This version of Keira used 4e’s default array of 10,11,12,13,14,16, and were allocated to the same stats in order. Overall, her stats end up a little higher than her 3e sister’s (despite the 3e version getting a +1 to her DEX at 4th level). That’s in line with 4e’s “Penalties are Bad” ethos.

First, a few observations about the 4e Rogue.

I’m somewhat shocked that neither the Elf race nor Rogue class gets Rapier as a weapon proficiency, especially given that so many of a Rogue’s Powers are swashbuckling in style. This should be a no-brainer inclusion, but it ain’t there. It’s like we’ve gone back to the Classic D&D list of Thief’s weapons, but bolted on a Swashbuckling style. That’s what design-by-committee gets you, I guess. Still, rules are rules, and rather than burn a Feat, I’ve given this incarnation of Keira a Short Sword instead. Makes no sense with the style of her Powers, but it’s as close to that Elf-with-Rapier feel as I can get. Ah well.

Keira’s alignment is now Good rather than Chaotic Good, but it means much the same. I’m on the fence regarding the dumbed-down Alignment system. I feel it takes a little something away from the D&D flavour, but adds the intriguing Unaligned option to the mix. Personally, I’d have rather they kept the matrix and added the Unaligned option too, but it’s no great loss overall.

One thing worth noting is 4e Keira’s Sneak Attack power. It adds exactly the same amount of damage as her 3e 4th level counterpart (+2d6), right from the start. That’s quite a boost form the original +1d6 at 1st level, and adds the overally feeling that the game has shifted starting points.

When it comes to Feats, I wanted to emphasise Keira’s acrobatic cat-like nature, especially as her combat abilities were more than covered by 4e’s Powers system. If anything, the 4e Feats choices are better than 3rd Edition’s. At last, Feats have class-based prerequisites rather than being tied to some silly artificial “class-feature” restriction, and the range of Feats available in the PHB are excellent. It almost makes up for the limited, crappy and repetitive range of Powers choices. Almost :) Light Step is a perfect Feat choice for Keira – it gives a bonus to her Acrobatics and Stealth skills, increases the overall party movement rate and makes her harder to track too. Neat! Much as I’m not a fan of huge chunks of 4e, the new seriously Feats rock.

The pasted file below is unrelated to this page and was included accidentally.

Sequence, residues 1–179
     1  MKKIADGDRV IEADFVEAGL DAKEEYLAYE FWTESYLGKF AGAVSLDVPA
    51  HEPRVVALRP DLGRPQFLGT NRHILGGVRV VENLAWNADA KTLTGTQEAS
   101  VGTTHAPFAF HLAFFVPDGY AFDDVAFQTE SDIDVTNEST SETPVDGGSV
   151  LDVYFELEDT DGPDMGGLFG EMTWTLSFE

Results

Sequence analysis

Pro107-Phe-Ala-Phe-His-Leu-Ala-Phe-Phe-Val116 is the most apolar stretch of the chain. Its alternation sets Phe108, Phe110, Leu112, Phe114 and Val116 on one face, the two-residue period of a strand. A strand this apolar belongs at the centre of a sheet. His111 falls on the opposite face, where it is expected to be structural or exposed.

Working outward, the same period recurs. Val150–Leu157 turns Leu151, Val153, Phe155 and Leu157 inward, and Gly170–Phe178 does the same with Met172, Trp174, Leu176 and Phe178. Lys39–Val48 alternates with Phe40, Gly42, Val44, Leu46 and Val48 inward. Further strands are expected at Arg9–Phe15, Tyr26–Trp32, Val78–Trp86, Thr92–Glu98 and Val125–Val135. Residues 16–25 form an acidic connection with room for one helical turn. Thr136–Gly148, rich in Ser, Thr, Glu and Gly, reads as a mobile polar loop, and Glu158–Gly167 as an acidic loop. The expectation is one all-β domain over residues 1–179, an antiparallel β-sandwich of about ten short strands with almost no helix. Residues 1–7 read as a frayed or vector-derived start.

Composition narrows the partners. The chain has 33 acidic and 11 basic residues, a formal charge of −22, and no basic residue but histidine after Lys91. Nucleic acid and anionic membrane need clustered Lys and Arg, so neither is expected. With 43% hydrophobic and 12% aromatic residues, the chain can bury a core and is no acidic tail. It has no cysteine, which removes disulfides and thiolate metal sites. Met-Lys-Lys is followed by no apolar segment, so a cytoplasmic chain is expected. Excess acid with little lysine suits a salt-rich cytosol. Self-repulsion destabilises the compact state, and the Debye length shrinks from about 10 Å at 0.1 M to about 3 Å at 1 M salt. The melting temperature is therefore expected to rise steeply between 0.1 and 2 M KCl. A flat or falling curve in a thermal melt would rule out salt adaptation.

Skills-wise, 4e Keira is slightly lower in skill than her 3rd Edition 4th level counterpart, but not by much. Her Stealth and Acrobatics are a touch lower than the equivalent, but it’s only a couple of points. I’d say that overall, the two characters are a reasonable match, especially given 4e’s much broader skill definitions. For example, Acrobatics encompasses the old Escape Artist and Balance skills, and Thievery covers Disabling Traps, Opening Lock and general Sleight of Hand.

I gave 4e basic (rather than Masterwork) weapons and armour because she gets a bonus due to proficiency anyhow; add in the Powers and this puts her at a comparable level to her 3rd Edition 4th level counterpart, especially with her Short Sword. Add in the Elven Accuracy and her Longbow is more than a match for her 3rd Edition counterpart.

For example, with her Deft Strike, Keira is at +6 to hit with her Short Sword for 1dd+4 damage, and move up to 2 square to do it, in addition to her regular Move. That take 3e Keira’s Rapier +8 for 1d6+1 damage, spits on it and tramples it right into the ground! :)

In short, I reckon my feelings were right. 4th level is the new 1st level. If you want to play 4th Edition, only without the additional expense, generate 4th level 3e characters, but with 1st level equipment :)

This is the third character I’ve generated for 4th Edition, and I’ll admit it’s the first time I’ve enjoyed the experience. Maybe it’s because I’m getting used to the (very poorly laid out) PHB, or it’s the first time I’ve given the Skills and Feats system a closer look. Either way, it’s growing on me. I just wish there weren’t so few Powers, so much emphasis on Battlemat combat and so many other problems with the system. But that, as they say, is a whole other blogpost.